The CivXNow state policy scan and interactive map have been updated! The scan serves as a tool for state policy makers to advocate for policy change in civic education at the state level. It also helps identify policy barriers and suggests a menu of ideas to overcome these barriers with new policies and investments.
The framework for our assessment of civic education in states consists of key elements of high-quality civic education identified by CivXNow. We believe that each of these elements should be present for high-quality civic education to be implemented at scale.
Most states mandate civics during high school through a stand-alone course requirement, but others only require civics instruction to fulfill state standards. As of August 2023, 40 states, including D.C., require a standalone high school civics course—six states for a full year and 34 for a half year. Only Alaska, Delaware, Kentucky, Massachusetts, Maine, Nebraska, New Mexico, Rhode Island, and Vermont have no high school stand-alone course requirements. During the 2023 legislative session, Minnesota passed a new law that will require credit for a course in government and citizenship in either 11th or 12th grade starting in the 2024–2025 school year.
Only nine states currently require a stand-alone middle school civics course. This summer, New Hampshire Governor Chris Sununu signed a bipartisan bill entitled More Time on Civics, requiring a semester of civics in middle school starting in July 2024.
Media Literacy Standards
Thirty-five states now include information literacy in their learning standards. This is up from 17 states in 2021. California Assembly Bill 873, which is currently on the Governor’s desk for signature, will require the Instructional Quality Commission to consider incorporating the Model Library Standards into the next revision of the English Language Arts/English Language Development (ELA/ELD) curriculum framework after January 1, 2024, and to also consider incorporating media literacy content at each grade level. The bill would require the commission to consider incorporating media literacy content into the mathematics, science, and history-social science curriculum frameworks when those frameworks are next revised after January 1, 2024.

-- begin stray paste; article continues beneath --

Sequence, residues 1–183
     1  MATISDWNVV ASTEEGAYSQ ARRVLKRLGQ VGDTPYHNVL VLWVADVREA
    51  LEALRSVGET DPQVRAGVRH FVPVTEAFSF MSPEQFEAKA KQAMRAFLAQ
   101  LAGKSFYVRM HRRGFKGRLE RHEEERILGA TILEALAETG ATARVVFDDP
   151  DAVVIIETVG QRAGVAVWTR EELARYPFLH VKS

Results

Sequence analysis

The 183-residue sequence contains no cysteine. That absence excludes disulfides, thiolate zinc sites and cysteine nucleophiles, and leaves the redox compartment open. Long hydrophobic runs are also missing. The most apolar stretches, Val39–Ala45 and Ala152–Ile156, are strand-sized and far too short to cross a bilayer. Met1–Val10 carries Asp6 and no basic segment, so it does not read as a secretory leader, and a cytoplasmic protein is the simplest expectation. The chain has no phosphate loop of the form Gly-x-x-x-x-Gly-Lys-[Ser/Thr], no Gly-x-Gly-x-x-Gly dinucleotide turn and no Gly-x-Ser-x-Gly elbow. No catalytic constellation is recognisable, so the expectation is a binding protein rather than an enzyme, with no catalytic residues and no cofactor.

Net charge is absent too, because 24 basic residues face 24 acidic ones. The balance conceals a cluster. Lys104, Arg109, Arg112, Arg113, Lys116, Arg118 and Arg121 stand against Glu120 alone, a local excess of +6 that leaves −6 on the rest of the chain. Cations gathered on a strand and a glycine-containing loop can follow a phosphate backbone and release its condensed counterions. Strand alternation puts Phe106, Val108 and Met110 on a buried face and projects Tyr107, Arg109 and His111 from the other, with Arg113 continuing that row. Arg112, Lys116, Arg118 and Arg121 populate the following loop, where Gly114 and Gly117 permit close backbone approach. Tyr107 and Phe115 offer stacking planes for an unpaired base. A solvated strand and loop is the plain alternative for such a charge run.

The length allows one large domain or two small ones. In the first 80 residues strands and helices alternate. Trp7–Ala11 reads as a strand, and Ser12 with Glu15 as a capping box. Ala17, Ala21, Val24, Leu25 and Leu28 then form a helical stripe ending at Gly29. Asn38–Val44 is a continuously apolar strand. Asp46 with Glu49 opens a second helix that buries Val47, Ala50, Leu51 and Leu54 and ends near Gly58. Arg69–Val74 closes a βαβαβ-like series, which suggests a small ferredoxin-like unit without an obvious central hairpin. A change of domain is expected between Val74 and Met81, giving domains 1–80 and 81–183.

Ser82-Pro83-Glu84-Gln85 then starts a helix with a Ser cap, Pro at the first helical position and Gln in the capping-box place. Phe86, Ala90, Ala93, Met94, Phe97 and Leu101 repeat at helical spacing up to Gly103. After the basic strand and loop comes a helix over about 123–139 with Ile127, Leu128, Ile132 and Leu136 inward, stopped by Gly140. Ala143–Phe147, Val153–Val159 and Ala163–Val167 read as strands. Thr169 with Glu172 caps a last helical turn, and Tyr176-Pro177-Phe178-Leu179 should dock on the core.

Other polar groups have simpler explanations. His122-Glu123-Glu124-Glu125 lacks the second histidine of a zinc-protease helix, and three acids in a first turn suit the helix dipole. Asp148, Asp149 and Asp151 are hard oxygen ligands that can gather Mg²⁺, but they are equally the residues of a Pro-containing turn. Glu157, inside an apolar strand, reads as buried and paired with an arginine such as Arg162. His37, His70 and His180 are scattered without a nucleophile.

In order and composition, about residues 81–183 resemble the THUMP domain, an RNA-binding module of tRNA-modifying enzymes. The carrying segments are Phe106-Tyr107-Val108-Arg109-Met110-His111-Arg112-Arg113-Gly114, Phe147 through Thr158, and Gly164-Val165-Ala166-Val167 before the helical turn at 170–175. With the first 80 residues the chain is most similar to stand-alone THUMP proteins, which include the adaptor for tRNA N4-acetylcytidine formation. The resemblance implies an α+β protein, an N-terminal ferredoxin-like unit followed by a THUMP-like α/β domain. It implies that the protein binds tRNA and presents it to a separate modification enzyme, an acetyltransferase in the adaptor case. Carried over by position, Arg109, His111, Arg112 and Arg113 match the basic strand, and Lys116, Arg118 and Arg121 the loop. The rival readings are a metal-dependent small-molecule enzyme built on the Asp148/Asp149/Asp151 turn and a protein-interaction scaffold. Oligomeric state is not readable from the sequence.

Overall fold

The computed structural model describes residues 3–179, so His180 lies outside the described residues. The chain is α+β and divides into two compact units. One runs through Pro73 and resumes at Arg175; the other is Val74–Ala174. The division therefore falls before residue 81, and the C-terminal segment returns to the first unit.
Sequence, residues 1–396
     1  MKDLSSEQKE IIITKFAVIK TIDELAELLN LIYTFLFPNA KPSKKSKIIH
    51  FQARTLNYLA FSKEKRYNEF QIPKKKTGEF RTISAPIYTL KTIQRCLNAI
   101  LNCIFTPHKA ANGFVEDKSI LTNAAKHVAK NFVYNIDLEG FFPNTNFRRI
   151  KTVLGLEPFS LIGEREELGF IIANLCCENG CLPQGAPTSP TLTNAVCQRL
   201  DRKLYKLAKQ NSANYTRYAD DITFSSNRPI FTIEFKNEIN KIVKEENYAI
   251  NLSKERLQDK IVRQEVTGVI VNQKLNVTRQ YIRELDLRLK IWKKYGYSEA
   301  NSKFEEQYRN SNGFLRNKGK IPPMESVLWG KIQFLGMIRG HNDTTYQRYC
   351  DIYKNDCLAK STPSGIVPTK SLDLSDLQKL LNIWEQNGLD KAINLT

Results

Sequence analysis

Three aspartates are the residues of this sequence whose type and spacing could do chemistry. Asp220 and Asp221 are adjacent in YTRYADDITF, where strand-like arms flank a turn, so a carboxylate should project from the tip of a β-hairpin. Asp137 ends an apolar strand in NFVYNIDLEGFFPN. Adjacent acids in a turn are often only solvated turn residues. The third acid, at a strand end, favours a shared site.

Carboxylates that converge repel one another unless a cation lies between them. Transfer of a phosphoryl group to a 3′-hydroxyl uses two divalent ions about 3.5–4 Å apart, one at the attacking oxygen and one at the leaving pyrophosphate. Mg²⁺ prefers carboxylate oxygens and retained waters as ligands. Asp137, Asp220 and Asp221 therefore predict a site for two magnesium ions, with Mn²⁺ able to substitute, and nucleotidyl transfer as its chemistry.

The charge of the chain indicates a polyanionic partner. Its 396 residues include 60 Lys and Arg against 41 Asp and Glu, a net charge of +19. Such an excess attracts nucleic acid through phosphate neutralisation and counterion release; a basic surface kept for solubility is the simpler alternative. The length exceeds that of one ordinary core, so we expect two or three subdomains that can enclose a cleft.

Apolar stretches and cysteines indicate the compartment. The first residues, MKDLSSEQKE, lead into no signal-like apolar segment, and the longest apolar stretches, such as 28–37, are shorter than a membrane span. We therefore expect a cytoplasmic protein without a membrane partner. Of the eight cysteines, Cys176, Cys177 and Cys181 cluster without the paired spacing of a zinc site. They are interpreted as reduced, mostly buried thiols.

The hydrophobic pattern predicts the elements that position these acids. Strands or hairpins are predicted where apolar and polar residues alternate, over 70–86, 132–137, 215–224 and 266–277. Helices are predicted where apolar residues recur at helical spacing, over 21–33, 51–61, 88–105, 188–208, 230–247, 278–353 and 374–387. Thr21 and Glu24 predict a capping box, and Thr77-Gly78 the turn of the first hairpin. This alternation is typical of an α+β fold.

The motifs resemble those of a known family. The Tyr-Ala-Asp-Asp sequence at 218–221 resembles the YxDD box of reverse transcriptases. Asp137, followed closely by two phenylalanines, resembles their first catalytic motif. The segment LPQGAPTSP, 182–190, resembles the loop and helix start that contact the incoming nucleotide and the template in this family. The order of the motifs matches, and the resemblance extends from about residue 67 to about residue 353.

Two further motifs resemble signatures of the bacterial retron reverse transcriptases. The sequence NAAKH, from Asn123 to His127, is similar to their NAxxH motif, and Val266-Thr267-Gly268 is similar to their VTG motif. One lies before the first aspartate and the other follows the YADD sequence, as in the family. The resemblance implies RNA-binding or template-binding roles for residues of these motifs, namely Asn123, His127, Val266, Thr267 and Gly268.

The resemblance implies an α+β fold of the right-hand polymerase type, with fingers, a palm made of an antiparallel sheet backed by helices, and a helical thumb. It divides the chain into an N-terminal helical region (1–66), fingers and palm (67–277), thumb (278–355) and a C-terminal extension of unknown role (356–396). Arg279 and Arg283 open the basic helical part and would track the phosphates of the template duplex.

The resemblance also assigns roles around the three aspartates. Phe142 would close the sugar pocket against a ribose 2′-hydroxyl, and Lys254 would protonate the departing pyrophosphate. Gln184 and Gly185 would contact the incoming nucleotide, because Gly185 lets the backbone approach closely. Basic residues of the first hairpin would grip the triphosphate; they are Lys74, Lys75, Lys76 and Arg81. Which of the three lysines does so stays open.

Assessment and Accountability
Twenty-nine states have a civics assessment, with the U.S. Naturalization exam standing as the most frequently used instrument. Several states, including Delaware, Louisiana, Maryland, Michigan, and Mississippi, all have state-designed exams. In Florida, it’s a high-stakes test. In Maine, the state reported that a civic action project is required in course standards. In Massachusetts, an 8th-grade civics assessment is being field-tested in 2023. Additionally, all students are offered a student-led civics project once in 8th grade and once in high school.
Civics seals are on students’ graduation diplomas and recognized in 12 states, including Arizona, Connecticut, Hawaii, Nevada, and Pennsylvania. In the coming school year, teachers from across the Commonwealth of Kentucky will pilot the new Kentucky Civic Seal. In a January 2022 report, Breaking New Ground with California’s State Seal of Civic Engagement: Lessons from Year 1, authors review the efforts of seven early adopters and provide recommendations for educators interested in rolling out the seal program in other California districts.
In 2023, 26 states and D.C. provide credit for completing service learning projects, up from 24 states in 2021. Some states require service learning at the district level only. In Florida, schools may provide credit, and the state encourages district requirements as a part of the Bright Futures scholarships. Students are also encouraged to volunteer.
All of the policy scan data information is on our website and has been verified by the State Department of Education. This policy scan is iterative, so we intend to update it on an annual basis. If you have new data, or corrections, please report them to our State Policy Director, Lisa Boudreau.